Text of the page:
Knowing your family health history can help you take steps to avoid disease.

November 22nd is National Family Health History Day, and in honor of that special day, it's worth finding out about your own family health history, as well as that of anyone you are providing care for.

Professional caregivers understand the significance of knowing your family health history because many of those same factors which your family has already experienced in their health history could become part of your own health status at some point. Caregivers in Stanwood and elsewhere urge you to take the time to inquire about your family's health history for this reason, so you can have an idea of what you might expect in the coming years.

The significance of family health history

Most people understand that certain traits can be inherited from family members, for instance, blue eyes, wavy blonde hair, tallness, or a predisposition toward being athletic. However, you can also inherit an increased risk for many diseases from your ancestors, and these can be serious diseases such as cancer, diabetes, asthma, and heart disease.

In fact, one of the strongest influences on whether or not you develop such diseases can be your family health history. While you can't do anything about changing the genes you inherit from your family members, if you're aware of your family's health history, there are some things you can do to reduce the risk for developing those diseases.

Features of family history which increase the risk of disease

There are certain specific aspects of your family's health history which contribute most strongly to you developing the same disease, including the following:

  • Early disease - when a family member contracted a disease 10 or 20 years before most people would normally get it, that can increase the risk factor for passing it on
  • Disease combinations - the risk of inheriting disease from a relative is increased when a direct ancestor experienced a combination of diseases, for instance, breast cancer and ovarian cancer
  • Gender-specific diseases - it can be much likelier that you inherit a disease from a relative who experienced an unusual disease that it is generally specific to one or the other genders, i.e. a male who contracts breast cancer
  • Multiple relatives being diseased - when you have more than one ancestor who had the same disease, your chances of inheriting the disease go up significantly.

People who have any of these features in their family health history are more at risk for developing the same disease that a relative once had, and that means you would have the most to gain from having an understanding of your family history and taking some steps to reduce your exposure. Screening tests should be undertaken periodically so that any developing disease can be caught in its earliest stages and treated successfully, and such screening tests can also identify precursor conditions like high blood pressure or high cholesterol, which can lead to serious diseases. If necessary, changes to your lifestyle should also be initiated, so as to discourage the development of any disease that a family member may have had before you. 

How to learn about your family health history

There are a number of ways you can learn more about your family's health history, beginning with asking questions of all your surviving relatives. If these resources are lacking, you can check family medical records and possibly even death certificates to find out what kinds of diseases may have run in your family. You should attempt to collect information about virtually everyone in your family, including your grandparents and parents especially, but also about uncles and aunts, nieces and nephews. The kind of information to look for specifically are their medical conditions, the age at which they were beset with a disease, and the nature of the disease which afflicted them.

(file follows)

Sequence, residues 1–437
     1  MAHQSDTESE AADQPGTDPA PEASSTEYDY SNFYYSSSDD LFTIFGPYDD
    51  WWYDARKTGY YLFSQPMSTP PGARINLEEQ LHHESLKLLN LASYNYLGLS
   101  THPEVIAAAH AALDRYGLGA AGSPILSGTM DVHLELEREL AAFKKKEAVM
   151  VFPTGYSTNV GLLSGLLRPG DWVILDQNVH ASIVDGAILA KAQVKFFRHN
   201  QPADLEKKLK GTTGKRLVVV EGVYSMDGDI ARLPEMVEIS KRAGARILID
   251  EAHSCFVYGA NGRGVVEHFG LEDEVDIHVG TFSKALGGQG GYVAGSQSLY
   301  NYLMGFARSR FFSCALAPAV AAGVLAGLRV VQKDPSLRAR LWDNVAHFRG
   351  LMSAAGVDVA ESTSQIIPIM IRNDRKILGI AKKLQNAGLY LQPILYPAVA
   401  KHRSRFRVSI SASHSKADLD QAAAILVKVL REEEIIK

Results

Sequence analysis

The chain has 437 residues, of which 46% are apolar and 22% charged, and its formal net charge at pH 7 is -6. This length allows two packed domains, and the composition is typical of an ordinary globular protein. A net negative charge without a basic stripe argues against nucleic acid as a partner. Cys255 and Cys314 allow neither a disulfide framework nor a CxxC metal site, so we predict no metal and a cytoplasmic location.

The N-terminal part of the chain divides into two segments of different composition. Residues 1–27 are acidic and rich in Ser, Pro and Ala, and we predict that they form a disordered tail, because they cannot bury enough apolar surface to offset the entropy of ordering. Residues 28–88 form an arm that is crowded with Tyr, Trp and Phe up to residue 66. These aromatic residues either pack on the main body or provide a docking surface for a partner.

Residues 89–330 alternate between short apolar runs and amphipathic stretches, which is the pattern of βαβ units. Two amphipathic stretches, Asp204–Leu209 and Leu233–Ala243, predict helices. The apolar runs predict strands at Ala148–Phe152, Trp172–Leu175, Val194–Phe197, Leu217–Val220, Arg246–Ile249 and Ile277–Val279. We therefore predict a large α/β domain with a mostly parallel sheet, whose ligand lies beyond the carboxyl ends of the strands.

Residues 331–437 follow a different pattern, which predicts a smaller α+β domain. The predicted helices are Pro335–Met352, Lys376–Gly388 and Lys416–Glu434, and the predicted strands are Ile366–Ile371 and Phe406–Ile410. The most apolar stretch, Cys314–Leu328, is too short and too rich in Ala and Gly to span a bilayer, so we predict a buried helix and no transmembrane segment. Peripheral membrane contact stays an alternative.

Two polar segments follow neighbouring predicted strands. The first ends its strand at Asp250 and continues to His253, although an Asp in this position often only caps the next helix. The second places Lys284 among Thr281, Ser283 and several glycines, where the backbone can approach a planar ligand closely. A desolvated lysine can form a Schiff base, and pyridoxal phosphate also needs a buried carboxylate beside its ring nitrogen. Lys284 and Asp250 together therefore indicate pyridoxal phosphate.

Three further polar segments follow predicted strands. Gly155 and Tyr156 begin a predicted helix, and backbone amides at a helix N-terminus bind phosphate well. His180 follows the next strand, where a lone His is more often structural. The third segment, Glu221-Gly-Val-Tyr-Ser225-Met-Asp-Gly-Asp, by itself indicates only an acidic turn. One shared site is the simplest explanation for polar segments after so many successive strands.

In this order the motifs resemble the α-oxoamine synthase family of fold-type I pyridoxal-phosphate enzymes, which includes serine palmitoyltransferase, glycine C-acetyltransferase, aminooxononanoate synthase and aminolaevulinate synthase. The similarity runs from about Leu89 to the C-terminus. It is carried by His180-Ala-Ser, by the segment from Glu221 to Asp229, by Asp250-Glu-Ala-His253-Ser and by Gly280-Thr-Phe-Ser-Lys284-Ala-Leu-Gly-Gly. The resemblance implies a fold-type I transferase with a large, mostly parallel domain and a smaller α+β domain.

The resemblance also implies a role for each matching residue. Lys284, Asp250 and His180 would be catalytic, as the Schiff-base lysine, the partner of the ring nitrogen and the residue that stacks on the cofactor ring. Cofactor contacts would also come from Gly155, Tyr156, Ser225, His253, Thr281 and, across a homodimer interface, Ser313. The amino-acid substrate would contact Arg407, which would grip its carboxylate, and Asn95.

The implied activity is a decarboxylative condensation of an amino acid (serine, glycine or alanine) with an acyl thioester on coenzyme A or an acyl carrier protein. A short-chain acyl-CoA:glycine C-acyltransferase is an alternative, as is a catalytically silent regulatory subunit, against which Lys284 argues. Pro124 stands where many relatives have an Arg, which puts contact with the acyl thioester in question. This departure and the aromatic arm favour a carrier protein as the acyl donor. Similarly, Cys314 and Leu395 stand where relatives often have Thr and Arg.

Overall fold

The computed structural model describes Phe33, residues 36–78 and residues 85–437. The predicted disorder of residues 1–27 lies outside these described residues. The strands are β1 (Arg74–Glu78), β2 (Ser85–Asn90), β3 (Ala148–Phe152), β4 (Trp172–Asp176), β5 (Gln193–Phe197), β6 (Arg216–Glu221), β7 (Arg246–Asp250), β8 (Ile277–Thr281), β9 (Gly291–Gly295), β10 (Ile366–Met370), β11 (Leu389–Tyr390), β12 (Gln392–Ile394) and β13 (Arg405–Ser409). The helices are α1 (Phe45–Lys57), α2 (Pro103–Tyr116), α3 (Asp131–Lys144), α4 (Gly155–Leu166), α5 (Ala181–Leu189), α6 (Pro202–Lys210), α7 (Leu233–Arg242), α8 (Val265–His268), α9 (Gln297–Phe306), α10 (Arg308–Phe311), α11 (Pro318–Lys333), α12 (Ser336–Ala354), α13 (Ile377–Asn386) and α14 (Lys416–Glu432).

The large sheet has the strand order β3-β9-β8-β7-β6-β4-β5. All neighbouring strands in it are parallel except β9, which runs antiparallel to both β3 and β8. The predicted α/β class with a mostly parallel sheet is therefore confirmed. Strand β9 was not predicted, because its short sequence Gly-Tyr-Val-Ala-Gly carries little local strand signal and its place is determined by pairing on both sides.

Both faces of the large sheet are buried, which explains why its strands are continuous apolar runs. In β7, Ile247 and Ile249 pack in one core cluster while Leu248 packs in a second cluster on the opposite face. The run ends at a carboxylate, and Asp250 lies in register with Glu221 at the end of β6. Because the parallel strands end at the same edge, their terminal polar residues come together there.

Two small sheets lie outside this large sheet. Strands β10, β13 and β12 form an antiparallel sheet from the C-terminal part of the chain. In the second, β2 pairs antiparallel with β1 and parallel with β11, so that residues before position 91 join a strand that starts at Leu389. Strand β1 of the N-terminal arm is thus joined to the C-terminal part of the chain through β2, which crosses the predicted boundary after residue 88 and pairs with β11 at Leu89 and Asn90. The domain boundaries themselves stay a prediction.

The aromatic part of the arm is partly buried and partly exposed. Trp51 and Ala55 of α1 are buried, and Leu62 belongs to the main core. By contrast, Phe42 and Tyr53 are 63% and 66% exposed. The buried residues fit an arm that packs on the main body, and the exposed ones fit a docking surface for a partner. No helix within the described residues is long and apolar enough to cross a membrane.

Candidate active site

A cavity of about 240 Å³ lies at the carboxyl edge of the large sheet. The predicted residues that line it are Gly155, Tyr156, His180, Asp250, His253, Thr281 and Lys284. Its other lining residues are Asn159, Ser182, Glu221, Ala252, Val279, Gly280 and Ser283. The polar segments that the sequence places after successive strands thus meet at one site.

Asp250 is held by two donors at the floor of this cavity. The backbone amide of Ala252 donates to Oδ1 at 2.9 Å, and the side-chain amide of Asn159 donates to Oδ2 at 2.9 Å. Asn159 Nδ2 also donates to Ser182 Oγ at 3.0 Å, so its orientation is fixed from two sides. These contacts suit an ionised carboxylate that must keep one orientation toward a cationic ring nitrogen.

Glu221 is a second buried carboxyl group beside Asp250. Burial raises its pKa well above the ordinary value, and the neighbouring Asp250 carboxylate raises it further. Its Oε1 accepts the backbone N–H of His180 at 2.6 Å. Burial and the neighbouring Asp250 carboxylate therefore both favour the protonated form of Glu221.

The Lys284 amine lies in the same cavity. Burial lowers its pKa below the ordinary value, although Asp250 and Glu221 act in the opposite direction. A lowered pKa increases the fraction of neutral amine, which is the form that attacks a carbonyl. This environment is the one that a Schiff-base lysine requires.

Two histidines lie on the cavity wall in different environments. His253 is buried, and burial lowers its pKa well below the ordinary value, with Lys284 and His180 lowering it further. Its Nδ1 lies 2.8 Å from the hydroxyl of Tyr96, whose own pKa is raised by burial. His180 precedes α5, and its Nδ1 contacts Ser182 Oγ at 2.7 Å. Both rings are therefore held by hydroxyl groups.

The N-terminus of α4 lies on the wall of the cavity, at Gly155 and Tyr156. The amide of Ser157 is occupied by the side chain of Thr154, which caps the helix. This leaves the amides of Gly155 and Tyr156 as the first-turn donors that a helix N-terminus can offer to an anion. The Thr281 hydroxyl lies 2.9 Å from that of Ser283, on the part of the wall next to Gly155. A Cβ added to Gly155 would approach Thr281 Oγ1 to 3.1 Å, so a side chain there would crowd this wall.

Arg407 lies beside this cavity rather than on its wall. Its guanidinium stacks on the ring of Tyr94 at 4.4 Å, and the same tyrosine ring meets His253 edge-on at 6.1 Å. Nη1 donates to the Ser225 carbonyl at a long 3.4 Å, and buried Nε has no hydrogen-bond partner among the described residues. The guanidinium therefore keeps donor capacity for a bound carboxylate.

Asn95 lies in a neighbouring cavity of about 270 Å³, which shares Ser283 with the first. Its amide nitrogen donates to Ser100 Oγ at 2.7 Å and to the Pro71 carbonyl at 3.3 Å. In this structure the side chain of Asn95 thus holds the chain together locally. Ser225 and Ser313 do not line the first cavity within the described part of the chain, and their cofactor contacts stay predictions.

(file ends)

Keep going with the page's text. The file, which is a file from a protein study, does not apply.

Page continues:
All this gathered information should be written down and shared with your family doctor. If your doctor is aware of the family health history already, he/she can discuss with you the steps you can take to reduce your risk of contracting the same diseases which troubled your family members. If your doctor was not aware of the family medical history, he/she will evaluate the information you have provided, and then recommend changes to your lifestyle, as well as screening tests which can help to identify potential early-stage diseases.

Your doctor may also refer you to a geneticist, who might be able to determine if you have an inherited form of a disease. If either your doctor or the specialist notices a pattern of disease in your family health history, it may indeed be one which is passed on from generation to generation, and which you are more at risk of inheriting as well. It's good to keep in mind, however, that even if you do have an inherited form of some disease, there are still some things you can do to reduce your risk of getting the full-blown version of it.

No evidence of disease in family health history

Even if you don't find any evidence of disease in your family's medical history, it doesn't necessarily mean there is no family predisposition toward disease. Some of your family members may have died young before they had a chance to develop a significant disease, and there may also be family members whom you just couldn't find any information about, who had diseases which could be passed on. In any case, it is still very much in your best interests to learn everything you can about your family's health history, so you can take appropriate steps to safeguard your own health or that of someone you are caring for.